A look at recent prosecutions of suspected Nazi war criminals in Germany.
_ November, 2009: Prosecutors file charges against former SS Sgt. Adolf Storms on 58 counts of murder in connection with a massacre of Jewish forced laborers in Austria in 1945. No trial date set.
_ October, 2009: Heinrich Boere, 87, goes on trial charged with the World War II murders of three men in the Netherlands when he was a member of a Waffen SS death squad. Trial ongoing.
_ August, 2009: Josef Scheungraber, a 90-year-old former officer in the German army, is convicted of murder for ordering the massacre of 10 civilians in a 1944 reprisal killing in Italy; sentenced to life imprisonment. Scheungraber says he plans to appeal.
_ December, 2005: An 88-year-old former Nazi commander, Ladislav Niznansky, is acquitted of murder in three massacres in Slovakia. Court cites insufficient evidence.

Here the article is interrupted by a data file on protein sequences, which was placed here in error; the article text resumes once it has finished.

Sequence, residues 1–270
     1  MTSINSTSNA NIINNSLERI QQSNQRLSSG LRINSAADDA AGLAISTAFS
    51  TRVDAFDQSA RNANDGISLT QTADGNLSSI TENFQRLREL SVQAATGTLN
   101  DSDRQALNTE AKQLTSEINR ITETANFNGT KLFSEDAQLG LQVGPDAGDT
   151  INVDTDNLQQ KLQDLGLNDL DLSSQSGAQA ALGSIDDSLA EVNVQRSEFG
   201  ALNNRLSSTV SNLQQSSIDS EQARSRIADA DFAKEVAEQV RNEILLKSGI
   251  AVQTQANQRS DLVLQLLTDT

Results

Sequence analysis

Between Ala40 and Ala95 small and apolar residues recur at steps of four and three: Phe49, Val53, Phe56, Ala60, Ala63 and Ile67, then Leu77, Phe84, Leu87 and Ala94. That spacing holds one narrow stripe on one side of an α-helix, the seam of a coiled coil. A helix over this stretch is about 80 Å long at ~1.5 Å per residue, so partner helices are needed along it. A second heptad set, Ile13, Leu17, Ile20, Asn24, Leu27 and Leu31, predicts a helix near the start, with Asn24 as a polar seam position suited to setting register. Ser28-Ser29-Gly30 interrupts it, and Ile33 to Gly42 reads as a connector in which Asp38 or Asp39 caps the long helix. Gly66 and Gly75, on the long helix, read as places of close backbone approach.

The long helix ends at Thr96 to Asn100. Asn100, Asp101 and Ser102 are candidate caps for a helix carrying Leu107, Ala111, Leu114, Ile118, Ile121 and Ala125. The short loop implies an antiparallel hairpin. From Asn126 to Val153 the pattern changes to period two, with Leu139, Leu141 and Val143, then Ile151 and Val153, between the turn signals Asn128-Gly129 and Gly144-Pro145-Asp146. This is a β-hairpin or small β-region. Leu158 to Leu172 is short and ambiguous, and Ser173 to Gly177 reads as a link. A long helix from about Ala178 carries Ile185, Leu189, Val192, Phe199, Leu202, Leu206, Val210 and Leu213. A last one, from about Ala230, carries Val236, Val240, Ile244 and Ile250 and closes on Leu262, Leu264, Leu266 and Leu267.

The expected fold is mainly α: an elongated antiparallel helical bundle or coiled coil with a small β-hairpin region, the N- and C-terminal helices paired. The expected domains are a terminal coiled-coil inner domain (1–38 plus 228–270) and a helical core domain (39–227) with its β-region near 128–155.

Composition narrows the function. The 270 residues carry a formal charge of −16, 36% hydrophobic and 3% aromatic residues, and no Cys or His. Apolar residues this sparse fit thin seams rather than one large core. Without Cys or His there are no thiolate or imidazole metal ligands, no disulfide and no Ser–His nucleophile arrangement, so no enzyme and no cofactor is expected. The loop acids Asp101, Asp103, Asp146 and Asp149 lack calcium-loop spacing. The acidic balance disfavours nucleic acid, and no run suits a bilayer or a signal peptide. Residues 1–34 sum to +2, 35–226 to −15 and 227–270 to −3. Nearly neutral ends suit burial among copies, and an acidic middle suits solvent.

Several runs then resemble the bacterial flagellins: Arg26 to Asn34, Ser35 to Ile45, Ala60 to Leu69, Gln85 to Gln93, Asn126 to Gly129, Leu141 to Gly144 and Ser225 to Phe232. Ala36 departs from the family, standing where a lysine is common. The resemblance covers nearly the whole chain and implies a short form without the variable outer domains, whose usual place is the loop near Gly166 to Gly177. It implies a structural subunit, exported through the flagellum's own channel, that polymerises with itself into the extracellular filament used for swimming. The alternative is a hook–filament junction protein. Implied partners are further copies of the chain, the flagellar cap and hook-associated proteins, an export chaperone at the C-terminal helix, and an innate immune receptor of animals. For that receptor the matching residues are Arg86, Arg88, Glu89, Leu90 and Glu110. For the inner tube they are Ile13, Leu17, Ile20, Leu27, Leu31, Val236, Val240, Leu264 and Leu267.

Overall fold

_ February, 2004: A court halts the trial of Herbertus Bikker, an 88-year-old former SS member, on charges of killing a Dutch prisoner during World War II. He is ruled medically unfit to stand trial.
_ July 2002: Friedrich Engel, a 93-year-old former SS major, is convicted on 59 counts of murder for a 1944 massacre of Italian prisoners and given a suspended seven-year sentence. A federal court later quashes the conviction, doubting the evidence was sufficient. Engel dies in 2006.
_ May 2001: Anton Malloth, an 89-year-old former guard at the Theresienstadt fortress in occupied Czechoslovakia, is sentenced to life in prison for beating and kicking a Jewish inmate to death in 1944. Malloth's appeal is rejected. He dies in 2002.
_ April 2001: Julius Viel, an 83-year-old former SS commander, is convicted of murdering seven Jewish prisoners from Theresienstadt in 1945. Sentenced to 12 years in prison, Viel dies in 2002, with an appeal of the verdict pending.